Photo: Rick Bowmer (AP)

153. That’s the combined age of the two white men atop a new Iowa poll of presidential candidates preferred by likely 2020 Democratic caucusgoers. No women and no people of color reached double-digit support. And that’s what we’re facing in our first glimpse of the most critical presidential race of our lifetimes, at least in Iowa.

The Des Moines Register/CNN/Mediacom Iowa Poll shows former Vice President Joe Biden, who is 76, in the lead, with 32% of respondents saying he’s their first choice to face Donald Trump in 2020 (if Trump is still around by then). Biden is followed by Bernie Sanders, 77, who received 19%, and Beto O’Rourke, 46, with 11%.

No other potential candidates received double-digit, first-choice support in the poll of 455 likely Democratic caucusgoers, conducted Dec. 10-13.

Elizabeth Warren came in after O’Rourke with 8%, while Kamala Harris received 5%, and no one else—including Hillary Clinton—received above 5%. Sorry, Hillary.

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According to the Des Moines Register, here’s what these numbers tell us: The country’s first presidential caucus state prefers someone with political experience instead of a newcomer. Nearly half of those polled said a “seasoned political hand” is needed to beat Trump.

Nevertheless, for those hoping to see new faces, there is room for optimism. Thirty-six percent of those polled said a newcomer is best-suited to defeat the current occupant of the White House, according to the Register. As it currently stands in Iowa, that would be O’Rourke, who appears to have former President Barack Obama’s political operation willing to jump in to support him.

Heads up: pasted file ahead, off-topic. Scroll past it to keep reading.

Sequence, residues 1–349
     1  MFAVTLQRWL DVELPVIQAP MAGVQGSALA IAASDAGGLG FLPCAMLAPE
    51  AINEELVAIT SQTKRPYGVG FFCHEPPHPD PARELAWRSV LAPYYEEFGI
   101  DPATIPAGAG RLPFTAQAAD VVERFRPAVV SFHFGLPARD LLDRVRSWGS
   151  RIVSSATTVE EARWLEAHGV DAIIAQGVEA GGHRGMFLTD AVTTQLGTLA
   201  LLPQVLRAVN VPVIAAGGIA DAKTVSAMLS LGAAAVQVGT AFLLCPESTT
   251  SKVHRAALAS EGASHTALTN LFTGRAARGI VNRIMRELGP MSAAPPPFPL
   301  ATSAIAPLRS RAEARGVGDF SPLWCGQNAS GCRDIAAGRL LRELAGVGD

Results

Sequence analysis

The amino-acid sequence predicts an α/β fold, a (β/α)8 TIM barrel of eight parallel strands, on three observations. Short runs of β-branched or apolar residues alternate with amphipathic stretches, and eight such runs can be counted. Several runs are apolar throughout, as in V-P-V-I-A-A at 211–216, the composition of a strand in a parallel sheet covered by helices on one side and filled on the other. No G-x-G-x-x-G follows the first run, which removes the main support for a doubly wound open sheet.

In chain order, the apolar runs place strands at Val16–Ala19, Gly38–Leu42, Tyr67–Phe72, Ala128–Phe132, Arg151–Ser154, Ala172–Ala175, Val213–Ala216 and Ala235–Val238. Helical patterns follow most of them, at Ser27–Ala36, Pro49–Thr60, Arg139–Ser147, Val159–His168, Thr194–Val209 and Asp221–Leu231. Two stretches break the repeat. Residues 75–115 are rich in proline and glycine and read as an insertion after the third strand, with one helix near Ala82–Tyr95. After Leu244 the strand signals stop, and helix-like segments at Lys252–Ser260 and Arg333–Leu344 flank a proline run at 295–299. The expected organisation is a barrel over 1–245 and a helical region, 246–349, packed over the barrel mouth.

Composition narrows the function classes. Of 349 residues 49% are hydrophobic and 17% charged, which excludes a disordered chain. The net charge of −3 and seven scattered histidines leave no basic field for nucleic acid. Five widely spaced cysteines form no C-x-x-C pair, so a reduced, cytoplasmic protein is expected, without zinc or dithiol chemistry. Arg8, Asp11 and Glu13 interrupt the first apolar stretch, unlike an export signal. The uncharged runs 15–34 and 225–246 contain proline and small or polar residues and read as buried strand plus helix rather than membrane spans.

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J. Ann Selzer, president of the firm that conducted the poll, said there’s “some welcoming of newcomers who are only now starting to come to the state and get to know the people who could shape their future.”

The most important goal, these caucusgoers say, is to beat Trump in 2020. According to CNN, 54% said they want a candidate who can defeat Trump versus 40% who want one that shares their positions on major issues.

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Another interesting detail is that Iowa caucusgoers seem to prefer a race with several strong contenders (52%) instead of one strong candidate emerging early as a frontrunner (41%), CNN said. This shows that Iowans are keeping an open mind, unlike Democrats nationwide, who seem to prefer a single dominating candidate at the outset. Plus, most Iowans seem willing to back whoever the Democratic nomination will eventually be.